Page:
Nobody else needs a DSLR, so this is a complete non-problem.
How does this excuse having a terrible interface?
You only think it's terrible because you don't need what it does. If you did, then you would think it's a great interface, because it does what you need. This is how I can tell you don't need a DSLR. You need a simplified, Fisher-Price camera. Sometimes those are great, and I have one. When I am just taking snapshots, that's what I use, because it is simple and good and small and light. I don't use the DSLR at all unless I need something it's got that the super zoom doesn't, like RAW. It doesn't have any more lens.
Because I need to be able to change the setting quickly, and also while holding the camera with both hands.
So make the settings that need to be changed fast easy to change fast.
Yes, that's what they have done. You're just seeing settings you don't need to change and thinking about how inconvenient all those settings are for you, because you think the universe revolves around your balls.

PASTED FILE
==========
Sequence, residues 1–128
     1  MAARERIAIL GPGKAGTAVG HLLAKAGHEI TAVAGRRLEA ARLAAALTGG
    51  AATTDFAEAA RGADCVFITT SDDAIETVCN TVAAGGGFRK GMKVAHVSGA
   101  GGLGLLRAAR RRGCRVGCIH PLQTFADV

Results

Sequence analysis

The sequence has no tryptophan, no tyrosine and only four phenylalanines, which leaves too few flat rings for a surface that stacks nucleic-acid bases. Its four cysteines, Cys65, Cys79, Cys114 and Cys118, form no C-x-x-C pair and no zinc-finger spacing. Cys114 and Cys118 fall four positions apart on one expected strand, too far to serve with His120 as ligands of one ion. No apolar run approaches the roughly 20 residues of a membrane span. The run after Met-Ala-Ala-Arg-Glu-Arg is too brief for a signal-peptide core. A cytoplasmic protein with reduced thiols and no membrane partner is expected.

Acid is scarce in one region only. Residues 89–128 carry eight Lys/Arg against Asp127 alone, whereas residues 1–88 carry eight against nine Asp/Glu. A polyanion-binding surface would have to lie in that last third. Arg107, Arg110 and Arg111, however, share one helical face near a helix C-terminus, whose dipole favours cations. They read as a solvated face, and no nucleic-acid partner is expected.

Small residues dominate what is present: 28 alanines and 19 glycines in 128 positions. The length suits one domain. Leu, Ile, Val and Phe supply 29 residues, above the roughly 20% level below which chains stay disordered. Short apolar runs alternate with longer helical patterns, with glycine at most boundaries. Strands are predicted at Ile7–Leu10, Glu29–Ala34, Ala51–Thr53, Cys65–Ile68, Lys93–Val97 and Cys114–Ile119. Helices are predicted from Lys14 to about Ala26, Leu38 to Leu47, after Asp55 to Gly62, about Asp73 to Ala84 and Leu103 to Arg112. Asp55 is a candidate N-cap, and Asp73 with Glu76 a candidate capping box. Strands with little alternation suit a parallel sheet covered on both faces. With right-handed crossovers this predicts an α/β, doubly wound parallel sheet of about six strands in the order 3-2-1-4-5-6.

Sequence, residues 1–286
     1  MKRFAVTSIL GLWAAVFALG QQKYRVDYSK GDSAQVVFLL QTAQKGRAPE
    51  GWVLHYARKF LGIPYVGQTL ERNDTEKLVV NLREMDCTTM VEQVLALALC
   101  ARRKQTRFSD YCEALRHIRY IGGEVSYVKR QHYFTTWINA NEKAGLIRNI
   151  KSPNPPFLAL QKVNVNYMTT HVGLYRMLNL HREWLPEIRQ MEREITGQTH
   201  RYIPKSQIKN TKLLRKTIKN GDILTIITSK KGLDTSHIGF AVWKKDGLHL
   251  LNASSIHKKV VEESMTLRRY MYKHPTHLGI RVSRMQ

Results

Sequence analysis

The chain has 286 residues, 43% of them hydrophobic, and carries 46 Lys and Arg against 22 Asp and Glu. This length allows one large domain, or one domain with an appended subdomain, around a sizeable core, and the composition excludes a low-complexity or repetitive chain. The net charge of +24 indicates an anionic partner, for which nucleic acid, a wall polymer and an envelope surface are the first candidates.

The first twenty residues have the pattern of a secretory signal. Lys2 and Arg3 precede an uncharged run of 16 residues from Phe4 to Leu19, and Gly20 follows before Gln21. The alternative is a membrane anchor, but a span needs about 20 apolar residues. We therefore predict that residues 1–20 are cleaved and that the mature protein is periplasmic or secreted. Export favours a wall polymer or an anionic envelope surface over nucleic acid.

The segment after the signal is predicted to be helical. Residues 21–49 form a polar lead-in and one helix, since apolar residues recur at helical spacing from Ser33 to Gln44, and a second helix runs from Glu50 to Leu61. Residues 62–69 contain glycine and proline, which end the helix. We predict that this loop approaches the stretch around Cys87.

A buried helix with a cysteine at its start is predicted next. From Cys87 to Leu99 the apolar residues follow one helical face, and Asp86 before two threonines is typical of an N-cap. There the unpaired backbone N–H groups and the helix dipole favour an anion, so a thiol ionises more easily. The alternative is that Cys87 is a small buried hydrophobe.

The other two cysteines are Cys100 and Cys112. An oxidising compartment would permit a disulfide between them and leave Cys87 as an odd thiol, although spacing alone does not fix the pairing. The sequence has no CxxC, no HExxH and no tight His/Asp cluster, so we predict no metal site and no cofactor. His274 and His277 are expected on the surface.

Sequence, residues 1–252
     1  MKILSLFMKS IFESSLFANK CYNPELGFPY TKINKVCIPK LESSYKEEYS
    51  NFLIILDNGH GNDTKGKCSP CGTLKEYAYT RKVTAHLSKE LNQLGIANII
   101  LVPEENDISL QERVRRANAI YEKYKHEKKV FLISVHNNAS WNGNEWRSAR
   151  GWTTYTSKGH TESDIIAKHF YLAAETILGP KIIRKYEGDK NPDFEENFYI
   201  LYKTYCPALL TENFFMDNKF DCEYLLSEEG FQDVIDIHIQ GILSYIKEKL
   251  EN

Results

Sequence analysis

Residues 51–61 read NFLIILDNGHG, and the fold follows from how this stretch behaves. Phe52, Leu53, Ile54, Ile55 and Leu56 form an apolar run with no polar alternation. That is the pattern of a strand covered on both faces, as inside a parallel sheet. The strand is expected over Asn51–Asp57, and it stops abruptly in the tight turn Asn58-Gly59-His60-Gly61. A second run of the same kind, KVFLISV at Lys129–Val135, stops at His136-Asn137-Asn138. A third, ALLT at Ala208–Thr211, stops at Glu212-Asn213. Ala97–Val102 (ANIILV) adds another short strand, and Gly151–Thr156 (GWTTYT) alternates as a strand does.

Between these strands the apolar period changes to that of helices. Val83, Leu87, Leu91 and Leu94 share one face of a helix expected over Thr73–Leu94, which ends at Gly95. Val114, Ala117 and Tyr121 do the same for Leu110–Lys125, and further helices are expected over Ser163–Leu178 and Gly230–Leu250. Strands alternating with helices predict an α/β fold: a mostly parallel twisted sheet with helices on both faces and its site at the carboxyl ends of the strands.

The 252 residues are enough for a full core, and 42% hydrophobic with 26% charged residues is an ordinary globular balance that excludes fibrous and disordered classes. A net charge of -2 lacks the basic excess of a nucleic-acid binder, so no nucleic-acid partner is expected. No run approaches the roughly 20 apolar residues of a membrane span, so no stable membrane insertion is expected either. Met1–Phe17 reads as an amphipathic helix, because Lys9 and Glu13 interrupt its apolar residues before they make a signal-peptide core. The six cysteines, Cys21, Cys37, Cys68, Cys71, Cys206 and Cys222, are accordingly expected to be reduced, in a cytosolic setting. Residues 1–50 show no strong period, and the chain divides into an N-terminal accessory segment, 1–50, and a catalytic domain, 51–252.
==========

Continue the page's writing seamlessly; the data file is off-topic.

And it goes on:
There are a lot of features you could not possibly change faster than the time it takes to pull out a cell phone that given that they are buried in a menu somewhere.
You are completely incorrect. No camera has more than three or four levels of menus and I can navigate a menu structure like that much faster than I can get my phone out of my pocket. I may not have a spare hand at all, so the phone might not be an option at all. I can work my phone menus with one hand. I cannot work the phone and the camera at the same time with one hand.
Your solutions are dumb because they make the situation more complicated. All cameras will eventually have fancy-pants multitouch displays and then there will be absolutely no benefit whatsoever to phone interfaces. In the interim, that kind of functionality is of use only to a subset of users. If a brand did what you describe then the professionals would go elsewhere and the company would rapidly gain a reputation for making toys and then go away.